Hit & Run

Michelle Malkin's "Cop Killed Every 58 Hours" Claim Not Truthful UPDATED: With Response From Michelle Malkin


Michelle Malkin waving white flag as a 'Defeatocrat'
Hot Air

In a desperately apologist piece about police at National Review Online, Michelle Malkin writes that 1,501 cops died in the line of duty in the last decade, concluding, as the headline stated, that a cop was killed in the U.S. every 58 hours.

Here is a link to the break down of those 1,500 deaths by year and cause, from the National Law Enforcement Officers Memorial Fund, which Malkin cited but didn't link*. And below are the numbers for the 100 cops Malkin said were "killed" last year:

Aircraft accident – 1

Auto Crashes - 28

Bomb-Related Incident – 1

Drowned – 2

Electrocuted – 1

Fall – 6

Job-Related Illness – 13

Motorcycle Crashes – 4

Poisoned – 1

Shot – 31

Stabbed – 2

Struck by Vehicle - 11

You can use your judgment about which of the types of death above should be included when considering the threat cops face of someone killing them, and search through individual cases here. Only two one* of those categories (shot and stabbed) can be assumed to include only cops killed by someone trying to kill them. Some of them, like job-related illness and aircraft accident, have little if anything to do with the people cops interact with and aren't part of the "war zone" Malkin claims cops operate in every day.

As Anthony Fisher explained yesterday, accurate data on police use of force is hard to come by. An impartial list of people killed by cops last year (in all kinds of situations, justified or otherwise) on Wikipedia includes 316 "civilians".

For even more context, the job of "police officer" doesn't show up on lists of America's ten most dangerous jobs based on federal statistics.

*As commenter P Brooks notes, the shot category may not exclude suicide, which is not listed as a separate cause in the list. It demonstrates why these numbers, while flashy for headlines, aren't all that clear.

*UPDATE: As Malkin correctly points out on Twitter, she did link to the info from the memorial fund on the version of the article that appeared on her website. I read it at National Review, which included no links.

UPDATE 2: Malkin insists on Twitter her column was "accurate." When I asked why such very different deaths would all be lumped in as cops who were "killed in the line of duty," she said the numbers were the memorial fund's, not hers. She said I had my agenda and she had hers. Previously she complained that I called her a police apologist (even though I called her piece that), though her admission of uncritically passing off data from a pro-cop source, coupled with the admission of an agenda (yes, we all have them), makes it seem like it's not just her piece that's police apologist but her too. Cops who died of things like "work-related illnesses" shouldn't be classified as having been "killed in the line of duty," at least not by anyone who's not trying to be a police apologist.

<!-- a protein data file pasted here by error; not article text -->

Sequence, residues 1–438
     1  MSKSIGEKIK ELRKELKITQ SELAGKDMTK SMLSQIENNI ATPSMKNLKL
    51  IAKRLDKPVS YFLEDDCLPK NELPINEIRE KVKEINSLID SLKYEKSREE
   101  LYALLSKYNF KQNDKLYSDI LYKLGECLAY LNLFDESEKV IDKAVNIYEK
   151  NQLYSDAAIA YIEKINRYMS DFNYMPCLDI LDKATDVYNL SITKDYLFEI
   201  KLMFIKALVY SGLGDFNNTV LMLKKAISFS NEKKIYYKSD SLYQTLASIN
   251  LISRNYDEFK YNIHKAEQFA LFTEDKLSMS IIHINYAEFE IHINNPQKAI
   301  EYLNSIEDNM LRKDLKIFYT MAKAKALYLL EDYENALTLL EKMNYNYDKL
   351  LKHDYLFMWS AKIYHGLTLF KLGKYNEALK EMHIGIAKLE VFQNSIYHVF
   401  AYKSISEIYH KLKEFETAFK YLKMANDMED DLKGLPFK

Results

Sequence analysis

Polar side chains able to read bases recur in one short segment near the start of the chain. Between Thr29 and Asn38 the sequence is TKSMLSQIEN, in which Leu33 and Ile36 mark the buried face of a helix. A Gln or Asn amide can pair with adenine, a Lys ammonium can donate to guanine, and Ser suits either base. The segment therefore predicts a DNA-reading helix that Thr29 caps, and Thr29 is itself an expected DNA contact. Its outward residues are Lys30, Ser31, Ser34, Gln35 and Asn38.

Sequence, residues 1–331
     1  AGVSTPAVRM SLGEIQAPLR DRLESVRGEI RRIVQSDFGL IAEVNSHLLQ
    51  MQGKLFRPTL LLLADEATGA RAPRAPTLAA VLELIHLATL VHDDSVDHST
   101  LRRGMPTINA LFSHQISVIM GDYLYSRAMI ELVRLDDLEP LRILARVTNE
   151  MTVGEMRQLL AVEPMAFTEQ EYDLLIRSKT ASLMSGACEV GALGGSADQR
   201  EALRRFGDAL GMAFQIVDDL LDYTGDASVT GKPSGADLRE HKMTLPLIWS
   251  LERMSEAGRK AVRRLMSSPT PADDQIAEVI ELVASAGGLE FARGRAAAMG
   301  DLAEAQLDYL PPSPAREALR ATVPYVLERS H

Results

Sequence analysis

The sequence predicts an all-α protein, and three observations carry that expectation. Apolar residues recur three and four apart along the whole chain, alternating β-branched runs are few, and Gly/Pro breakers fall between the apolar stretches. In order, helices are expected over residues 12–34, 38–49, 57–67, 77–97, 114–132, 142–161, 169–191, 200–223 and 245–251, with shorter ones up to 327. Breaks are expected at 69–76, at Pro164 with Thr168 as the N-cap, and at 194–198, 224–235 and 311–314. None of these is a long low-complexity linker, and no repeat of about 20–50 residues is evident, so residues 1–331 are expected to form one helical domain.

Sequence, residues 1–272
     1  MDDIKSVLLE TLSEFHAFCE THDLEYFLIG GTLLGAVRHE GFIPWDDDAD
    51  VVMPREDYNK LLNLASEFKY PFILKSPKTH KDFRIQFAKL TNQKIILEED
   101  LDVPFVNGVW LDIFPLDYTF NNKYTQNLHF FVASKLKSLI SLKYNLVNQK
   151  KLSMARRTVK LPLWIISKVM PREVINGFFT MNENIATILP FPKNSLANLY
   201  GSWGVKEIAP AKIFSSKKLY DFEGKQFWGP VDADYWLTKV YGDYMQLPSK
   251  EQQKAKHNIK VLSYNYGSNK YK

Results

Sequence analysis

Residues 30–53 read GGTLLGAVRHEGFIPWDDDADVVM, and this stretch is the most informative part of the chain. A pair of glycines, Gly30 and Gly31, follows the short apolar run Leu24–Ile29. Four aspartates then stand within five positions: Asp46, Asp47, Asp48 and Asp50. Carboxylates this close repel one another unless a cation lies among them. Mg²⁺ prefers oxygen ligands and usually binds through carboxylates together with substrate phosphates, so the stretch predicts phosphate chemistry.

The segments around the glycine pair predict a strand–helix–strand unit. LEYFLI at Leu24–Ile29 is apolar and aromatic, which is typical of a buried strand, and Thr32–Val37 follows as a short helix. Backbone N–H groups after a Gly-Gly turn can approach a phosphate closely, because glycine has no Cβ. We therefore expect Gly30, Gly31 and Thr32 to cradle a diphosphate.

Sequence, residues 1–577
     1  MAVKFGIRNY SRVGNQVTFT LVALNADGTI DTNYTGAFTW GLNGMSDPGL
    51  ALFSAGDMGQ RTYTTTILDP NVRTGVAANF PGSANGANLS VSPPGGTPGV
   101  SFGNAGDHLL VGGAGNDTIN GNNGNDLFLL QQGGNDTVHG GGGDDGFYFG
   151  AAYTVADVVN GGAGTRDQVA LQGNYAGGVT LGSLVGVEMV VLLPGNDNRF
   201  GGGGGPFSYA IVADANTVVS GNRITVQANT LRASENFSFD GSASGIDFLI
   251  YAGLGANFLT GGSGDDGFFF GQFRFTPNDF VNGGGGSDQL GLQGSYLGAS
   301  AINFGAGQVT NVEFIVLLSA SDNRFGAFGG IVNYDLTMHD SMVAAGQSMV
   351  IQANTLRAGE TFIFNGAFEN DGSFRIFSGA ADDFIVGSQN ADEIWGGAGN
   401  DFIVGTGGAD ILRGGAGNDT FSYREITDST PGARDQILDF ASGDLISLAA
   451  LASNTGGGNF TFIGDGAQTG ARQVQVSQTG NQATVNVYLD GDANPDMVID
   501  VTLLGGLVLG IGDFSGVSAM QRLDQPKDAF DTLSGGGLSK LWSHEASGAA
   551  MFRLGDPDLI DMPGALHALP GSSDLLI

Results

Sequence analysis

NEXT: Friday A/V Club: Buster Keaton vs. the Los Angeles Police Department

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  1. She must know her premise is bullshit; what the hell is her motivation?

    1. Michelle Malkin loves the state. She knows that every time the state kills someone or hurts them or cages them or takes their home away from them, it's really for their own good and an act of love.

      She wants us all to be loved by the state, because it means that the loving hobnails will some day be ground into her skin, and she will have conquered herself.

      1. Yeah, didn't she write a book or something justifying the internment of Japanese Americans by FDR?

        1. Yes. Yes she did.

          1. I have this sneaking suspicion that that book was less about the Japanese-Americans than about Muslim-Americans.

            George Takei has a sad.

            1. Oh, my!

              1. +2 snaps and a circle

            2. Anyone have an idea who the Japanese dude is who is parallel to Mohammed Atta on the book's cover? Because if it's just some random Japanese dude, that's a pretty sleazy thing to do.

              1. He is Richard Kotoshirodo, a Japanese-American allegedly working with a Japanese agent in Hawaii, who was arrested shortly after the bombing of Pearl Harbor.

              2. He is Richard Kotoshirodo, a Japanese-American man who by his own admission assisted the Honolulu-based spy ring that fed intelligence to Tokyo that was key to the design of the Pearl Harbor attack


            3. Ding, ding, ding. We have a winner! (PL).

              But she had to retroactively support the internment of US citizens of Japanese ancestry to lay a framework for her fantasy of interning US citizens who are muslims. Ignoring of course that Islam is a belief system and being (ethnic) japanese is genetic.

              Also the somewhat understandable hatred for (ethnic) japanese by (ethnic) filipinos. But part of the American experience is leaving those ethnic hatreds back home (again, emphasizing that hatred of a country is different than hatred of a people).